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There is Water on Moon. Can there be life?

Research teams from University of Hawaii at Manoa has found concrete evidence that there is water on the moon. The goal to develop a civilization on moon is the primary motivation for researchers to find water source there. The study also proves synergy between lunar minerals, proton from the solar wind, and micrometeorite impacts. The experiment is the brainchild of two scientists Ralf. I. Kaiser and Jeffrey Gills-Davis.

The study, “Untangling the formation and liberation of water on lunar regolith” attempts to prove its claims through series of experiments. To do so, the lead author, exposed a sample of olivine, a replacement of lunar materials with deuterium ions acting as solar wind protons.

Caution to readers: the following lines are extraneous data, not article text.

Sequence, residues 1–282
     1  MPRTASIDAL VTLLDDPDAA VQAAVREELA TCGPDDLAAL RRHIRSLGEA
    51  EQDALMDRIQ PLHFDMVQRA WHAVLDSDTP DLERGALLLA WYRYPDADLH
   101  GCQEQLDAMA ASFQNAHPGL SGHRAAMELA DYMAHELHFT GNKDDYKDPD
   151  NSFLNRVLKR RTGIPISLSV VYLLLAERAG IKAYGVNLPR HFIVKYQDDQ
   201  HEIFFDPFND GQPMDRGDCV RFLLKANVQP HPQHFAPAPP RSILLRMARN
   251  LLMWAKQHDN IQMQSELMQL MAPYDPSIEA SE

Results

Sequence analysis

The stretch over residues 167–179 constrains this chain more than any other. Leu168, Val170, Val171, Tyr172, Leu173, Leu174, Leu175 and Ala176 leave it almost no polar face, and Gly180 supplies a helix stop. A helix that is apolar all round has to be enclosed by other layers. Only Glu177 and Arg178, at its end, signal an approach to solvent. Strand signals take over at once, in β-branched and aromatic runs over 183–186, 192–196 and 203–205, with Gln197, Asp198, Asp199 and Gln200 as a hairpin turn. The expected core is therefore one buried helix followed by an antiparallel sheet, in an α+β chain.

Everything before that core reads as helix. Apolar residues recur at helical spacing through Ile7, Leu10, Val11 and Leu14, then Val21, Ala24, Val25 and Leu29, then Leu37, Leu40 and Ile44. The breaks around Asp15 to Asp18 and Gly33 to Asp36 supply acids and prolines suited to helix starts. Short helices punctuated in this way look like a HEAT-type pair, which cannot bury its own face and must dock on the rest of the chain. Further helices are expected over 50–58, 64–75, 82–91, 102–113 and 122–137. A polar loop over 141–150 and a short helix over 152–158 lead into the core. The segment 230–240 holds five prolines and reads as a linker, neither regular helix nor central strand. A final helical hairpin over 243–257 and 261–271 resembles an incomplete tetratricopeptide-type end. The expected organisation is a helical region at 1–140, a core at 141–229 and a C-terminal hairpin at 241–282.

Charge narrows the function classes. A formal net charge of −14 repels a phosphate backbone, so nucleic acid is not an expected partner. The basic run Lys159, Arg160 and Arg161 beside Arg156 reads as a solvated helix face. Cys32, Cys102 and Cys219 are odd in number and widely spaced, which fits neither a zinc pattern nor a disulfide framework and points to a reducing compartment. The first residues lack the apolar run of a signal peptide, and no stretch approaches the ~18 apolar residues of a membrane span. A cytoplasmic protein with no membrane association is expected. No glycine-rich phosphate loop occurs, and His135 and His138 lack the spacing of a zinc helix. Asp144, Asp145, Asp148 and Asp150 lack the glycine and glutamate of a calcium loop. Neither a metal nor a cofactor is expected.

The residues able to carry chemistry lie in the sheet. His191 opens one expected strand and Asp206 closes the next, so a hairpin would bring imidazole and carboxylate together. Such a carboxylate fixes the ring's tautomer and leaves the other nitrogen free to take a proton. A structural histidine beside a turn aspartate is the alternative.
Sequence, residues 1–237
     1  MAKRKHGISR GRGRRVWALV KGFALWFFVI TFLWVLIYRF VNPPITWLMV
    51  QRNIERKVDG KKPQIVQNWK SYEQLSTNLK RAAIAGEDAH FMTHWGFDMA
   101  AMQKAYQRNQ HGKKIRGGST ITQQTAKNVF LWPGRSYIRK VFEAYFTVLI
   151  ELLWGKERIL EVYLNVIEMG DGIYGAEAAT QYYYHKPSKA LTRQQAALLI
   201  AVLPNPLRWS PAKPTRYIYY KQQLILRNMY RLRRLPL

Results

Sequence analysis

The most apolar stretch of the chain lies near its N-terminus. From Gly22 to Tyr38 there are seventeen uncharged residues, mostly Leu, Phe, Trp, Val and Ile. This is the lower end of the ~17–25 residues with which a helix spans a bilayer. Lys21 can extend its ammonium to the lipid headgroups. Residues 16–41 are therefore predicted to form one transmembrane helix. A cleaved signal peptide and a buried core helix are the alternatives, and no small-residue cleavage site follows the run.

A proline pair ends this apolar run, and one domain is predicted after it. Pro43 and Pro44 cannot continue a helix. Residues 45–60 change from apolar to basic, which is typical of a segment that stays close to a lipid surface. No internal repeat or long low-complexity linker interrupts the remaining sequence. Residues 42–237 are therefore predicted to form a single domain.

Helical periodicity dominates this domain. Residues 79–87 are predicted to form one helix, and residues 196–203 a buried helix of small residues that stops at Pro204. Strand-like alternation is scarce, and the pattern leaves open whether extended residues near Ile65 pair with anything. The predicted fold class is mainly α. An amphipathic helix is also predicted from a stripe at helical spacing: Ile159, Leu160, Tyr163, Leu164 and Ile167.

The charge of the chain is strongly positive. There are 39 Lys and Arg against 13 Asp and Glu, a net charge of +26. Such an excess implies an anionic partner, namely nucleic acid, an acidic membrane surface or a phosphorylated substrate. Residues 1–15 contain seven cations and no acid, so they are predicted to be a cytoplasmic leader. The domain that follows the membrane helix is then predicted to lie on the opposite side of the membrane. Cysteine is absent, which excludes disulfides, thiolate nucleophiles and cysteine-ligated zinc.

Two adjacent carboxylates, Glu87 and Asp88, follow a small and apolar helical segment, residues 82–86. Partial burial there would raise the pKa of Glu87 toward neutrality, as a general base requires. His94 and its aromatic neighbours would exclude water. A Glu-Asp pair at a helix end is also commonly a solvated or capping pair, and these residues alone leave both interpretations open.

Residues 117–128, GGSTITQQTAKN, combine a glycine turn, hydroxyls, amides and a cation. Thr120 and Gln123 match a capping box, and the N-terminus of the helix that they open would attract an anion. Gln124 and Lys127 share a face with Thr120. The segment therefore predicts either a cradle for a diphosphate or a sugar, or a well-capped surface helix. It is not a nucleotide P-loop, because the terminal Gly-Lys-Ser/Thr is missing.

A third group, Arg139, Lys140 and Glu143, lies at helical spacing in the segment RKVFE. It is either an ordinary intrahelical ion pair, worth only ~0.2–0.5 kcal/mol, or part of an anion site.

How does the Experiment Help Scientists Prove Presence of Water on the Moon?

Initially, the experiment did not show any traces of water formation when deuterium radiates olivine. However, the experiment was unsuccessful even when the scientists increased the temperature. In the second attempt, laser-heating to replicate the thermal effects of micrometeorite impacts on the surface of the moon was used. This resulted in a burst of ions with mass-to-charge ratios similar to that of heavy water. Even in high-temperature water kept on producing itself.

So, as to study the impact of the experiments, scientists focused on ion beam-scanning electron microscope and transmission electron microscopy.

However, the study enhances the understanding of scientists on the origin of water on the moon and various other airless celestial bodies. This study is the first of its kind which explains a scientifically sound water formation process on the moon.

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